Rescued From Baghdad's Deadliest Street

logan, doctor
When the Crazyhorse troops of the 4th Squadron, 9th Cavalry were given the mission to rescue Dr. Quraish Fajir al-Kasir, they were expecting the worst. The target house was on Haifa Street, where they were attacked just last week, before intense fighting erupted here between Sunni gunmen and Iraqi forces.

Friday night, al-Kasir, one of the terrified residents, told CBS News chief foreign correspondent Lara Logan he was trapped.

"You can't leave?" Logan asked him in a telephone interview.

"No," he said. "It's difficult to go. They will kill you because any moving object will be shot."

Al-Kasir is a famous Iraqi surgeon, once the guest of President Bush at the White House, now hiding with his family in a dark bathroom for eight days, shivering from cold and hunger:

"I have saved so many people in surgery," he told Logan. "I have done a lot for the people here. Why I should be killed? Why? I don't know why."

Today, after our report was broadcast, and with the help of America's ambassador to Iraq, Captain John Gilliam and his men answered the family's desperate plea for help.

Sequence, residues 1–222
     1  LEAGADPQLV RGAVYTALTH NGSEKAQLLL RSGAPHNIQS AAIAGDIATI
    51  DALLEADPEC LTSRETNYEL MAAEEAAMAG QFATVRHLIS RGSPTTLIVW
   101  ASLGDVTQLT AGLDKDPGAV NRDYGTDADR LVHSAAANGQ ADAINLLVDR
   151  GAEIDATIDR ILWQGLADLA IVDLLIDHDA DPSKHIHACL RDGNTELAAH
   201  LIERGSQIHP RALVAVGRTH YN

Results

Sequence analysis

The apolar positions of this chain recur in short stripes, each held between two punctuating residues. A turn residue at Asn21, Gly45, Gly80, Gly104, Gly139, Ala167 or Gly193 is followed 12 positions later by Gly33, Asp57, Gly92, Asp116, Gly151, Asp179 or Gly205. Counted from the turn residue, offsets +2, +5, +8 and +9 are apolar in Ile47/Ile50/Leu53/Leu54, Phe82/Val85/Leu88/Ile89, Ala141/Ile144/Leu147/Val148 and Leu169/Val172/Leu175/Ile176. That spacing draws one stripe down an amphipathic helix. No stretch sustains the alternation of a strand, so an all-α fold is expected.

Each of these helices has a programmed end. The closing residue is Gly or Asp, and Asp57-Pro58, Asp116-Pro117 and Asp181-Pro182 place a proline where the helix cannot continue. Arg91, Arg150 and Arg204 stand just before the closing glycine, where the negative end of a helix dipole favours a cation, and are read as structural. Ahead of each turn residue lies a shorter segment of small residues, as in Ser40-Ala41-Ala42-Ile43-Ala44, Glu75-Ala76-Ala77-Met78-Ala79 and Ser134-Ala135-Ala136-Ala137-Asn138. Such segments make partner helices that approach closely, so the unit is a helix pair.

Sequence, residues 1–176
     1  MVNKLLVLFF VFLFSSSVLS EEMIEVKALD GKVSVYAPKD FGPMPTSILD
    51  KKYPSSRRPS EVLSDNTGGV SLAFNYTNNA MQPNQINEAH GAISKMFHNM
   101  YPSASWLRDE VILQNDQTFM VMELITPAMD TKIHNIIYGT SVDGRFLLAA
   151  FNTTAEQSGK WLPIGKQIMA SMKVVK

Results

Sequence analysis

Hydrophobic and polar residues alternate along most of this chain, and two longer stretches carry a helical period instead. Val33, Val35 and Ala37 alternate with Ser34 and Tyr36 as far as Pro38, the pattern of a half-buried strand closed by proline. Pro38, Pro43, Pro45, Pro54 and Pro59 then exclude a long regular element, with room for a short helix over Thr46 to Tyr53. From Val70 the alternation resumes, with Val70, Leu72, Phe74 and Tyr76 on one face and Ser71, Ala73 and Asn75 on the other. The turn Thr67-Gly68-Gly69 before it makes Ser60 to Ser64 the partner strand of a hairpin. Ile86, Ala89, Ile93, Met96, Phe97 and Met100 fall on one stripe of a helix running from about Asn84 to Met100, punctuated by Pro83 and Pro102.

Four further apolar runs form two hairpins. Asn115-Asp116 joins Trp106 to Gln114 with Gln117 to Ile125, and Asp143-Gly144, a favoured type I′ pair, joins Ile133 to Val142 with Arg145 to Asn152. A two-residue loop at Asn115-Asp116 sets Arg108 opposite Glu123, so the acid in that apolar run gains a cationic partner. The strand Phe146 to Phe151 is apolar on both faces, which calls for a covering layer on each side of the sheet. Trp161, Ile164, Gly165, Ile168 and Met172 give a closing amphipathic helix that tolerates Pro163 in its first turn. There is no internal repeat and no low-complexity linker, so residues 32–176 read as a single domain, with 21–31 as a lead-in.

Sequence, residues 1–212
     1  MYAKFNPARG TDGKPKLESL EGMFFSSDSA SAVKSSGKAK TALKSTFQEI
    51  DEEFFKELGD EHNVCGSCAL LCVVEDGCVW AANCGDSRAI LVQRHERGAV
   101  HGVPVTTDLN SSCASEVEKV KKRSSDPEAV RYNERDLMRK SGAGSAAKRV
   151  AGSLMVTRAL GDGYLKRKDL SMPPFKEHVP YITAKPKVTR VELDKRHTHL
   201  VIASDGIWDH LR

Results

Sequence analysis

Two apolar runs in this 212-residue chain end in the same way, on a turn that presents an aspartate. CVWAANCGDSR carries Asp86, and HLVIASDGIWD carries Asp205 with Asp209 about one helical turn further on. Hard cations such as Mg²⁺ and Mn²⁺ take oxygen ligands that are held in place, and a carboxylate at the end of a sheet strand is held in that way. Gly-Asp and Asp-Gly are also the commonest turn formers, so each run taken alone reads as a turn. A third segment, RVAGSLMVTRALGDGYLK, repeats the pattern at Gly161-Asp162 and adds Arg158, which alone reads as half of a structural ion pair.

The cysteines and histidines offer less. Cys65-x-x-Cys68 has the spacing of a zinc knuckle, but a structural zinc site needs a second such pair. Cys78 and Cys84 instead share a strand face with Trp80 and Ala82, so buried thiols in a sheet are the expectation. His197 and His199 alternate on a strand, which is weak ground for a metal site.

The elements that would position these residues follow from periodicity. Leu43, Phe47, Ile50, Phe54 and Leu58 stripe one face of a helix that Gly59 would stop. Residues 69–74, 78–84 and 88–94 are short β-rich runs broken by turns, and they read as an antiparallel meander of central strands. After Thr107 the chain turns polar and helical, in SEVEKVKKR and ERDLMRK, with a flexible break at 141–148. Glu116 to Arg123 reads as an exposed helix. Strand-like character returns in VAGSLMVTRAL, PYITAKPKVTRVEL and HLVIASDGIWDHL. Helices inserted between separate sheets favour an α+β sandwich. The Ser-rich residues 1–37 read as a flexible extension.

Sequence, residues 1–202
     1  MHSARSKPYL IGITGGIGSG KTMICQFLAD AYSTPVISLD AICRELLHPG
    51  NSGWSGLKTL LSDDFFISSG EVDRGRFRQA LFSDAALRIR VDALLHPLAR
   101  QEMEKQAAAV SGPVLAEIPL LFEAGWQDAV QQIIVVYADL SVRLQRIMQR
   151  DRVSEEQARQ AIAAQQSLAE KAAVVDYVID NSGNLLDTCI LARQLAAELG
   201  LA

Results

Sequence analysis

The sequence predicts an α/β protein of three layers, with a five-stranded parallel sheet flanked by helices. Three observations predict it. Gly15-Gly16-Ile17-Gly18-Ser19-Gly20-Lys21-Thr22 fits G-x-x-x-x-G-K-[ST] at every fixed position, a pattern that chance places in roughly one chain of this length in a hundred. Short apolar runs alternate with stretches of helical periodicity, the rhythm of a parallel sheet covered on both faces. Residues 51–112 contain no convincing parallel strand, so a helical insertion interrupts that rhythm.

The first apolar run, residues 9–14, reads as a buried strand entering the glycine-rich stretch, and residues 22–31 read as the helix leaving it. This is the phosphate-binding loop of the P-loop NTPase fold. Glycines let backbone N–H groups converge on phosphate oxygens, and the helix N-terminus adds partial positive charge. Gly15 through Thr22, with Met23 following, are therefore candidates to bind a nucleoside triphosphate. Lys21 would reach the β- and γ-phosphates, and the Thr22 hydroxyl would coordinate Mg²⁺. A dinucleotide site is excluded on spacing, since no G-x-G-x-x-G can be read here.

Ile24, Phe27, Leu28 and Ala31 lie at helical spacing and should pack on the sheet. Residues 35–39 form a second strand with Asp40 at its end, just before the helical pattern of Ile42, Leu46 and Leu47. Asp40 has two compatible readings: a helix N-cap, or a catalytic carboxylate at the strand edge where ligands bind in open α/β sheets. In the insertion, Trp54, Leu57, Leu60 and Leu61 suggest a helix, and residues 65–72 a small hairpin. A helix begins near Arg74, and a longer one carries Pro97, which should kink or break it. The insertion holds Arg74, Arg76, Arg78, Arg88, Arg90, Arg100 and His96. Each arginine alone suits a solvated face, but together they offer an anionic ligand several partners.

The soldiers rushed the family to the safety of a waiting Bradley armored fighting vehicle, knowing an attack could come at any moment. Then, in a moment of relief, al-Kasir blew a kiss of gratitude that said it all.

Within minutes, the family reached the safety of the heavily fortified Green Zone just a short distance away.

"Thank you American military, thank you people, thank you very much," said al-Kasir.

For their rescuers, it was a rare pleasure.

"It's really good to see a family that we could save and make sure they didn't get hurt while we are out here," said Sgt. Nicholas Skelton of the Crazyhorse Troop.

Tonight the doctor's family, so grateful for their safety, say their only sadness is knowing there are so many other families still trapped and terrified on Haifa Street.

  • Stephen Smith

    Stephen Smith is a senior editor for